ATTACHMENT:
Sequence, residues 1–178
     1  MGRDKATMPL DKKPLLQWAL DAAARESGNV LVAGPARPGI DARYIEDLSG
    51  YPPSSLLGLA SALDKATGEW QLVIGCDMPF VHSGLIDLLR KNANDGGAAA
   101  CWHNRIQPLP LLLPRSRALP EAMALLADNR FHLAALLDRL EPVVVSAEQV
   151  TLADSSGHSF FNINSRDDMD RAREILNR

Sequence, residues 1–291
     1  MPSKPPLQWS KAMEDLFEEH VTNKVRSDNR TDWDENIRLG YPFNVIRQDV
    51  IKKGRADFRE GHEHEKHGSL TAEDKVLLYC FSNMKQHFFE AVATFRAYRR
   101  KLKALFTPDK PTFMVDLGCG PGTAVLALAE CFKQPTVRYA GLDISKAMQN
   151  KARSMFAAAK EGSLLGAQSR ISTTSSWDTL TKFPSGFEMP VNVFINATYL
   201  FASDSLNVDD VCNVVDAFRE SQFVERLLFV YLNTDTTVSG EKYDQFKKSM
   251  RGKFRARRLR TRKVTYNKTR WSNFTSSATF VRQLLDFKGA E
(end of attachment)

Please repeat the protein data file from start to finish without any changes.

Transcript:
Sequence, residues 1–178
     1  MGRDKATMPL DKKPLLQWAL DAAARESGNV LVAGPARPGI DARYIEDLSG
    51  YPPSSLLGLA SALDKATGEW QLVIGCDMPF VHSGLIDLLR KNANDGGAAA
   101  CWHNRIQPLP LLLPRSRALP EAMALLADNR FHLAALLDRL EPVVVSAEQV
   151  TLADSSGHSF FNINSRDDMD RAREILNR

Sequence, residues 1–291
     1  MPSKPPLQWS KAMEDLFEEH VTNKVRSDNR TDWDENIRLG YPFNVIRQDV
    51  IKKGRADFRE GHEHEKHGSL TAEDKVLLYC FSNMKQHFFE AVATFRAYRR
   101  KLKALFTPDK PTFMVDLGCG PGTAVLALAE CFKQPTVRYA GLDISKAMQN
   151  KARSMFAAAK EGSLLGAQSR ISTTSSWDTL TKFPSGFEMP VNVFINATYL
   201  FASDSLNVDD VCNVVDAFRE SQFVERLLFV YLNTDTTVSG EKYDQFKKSM
   251  RGKFRARRLR TRKVTYNKTR WSNFTSSATF VRQLLDFKGA E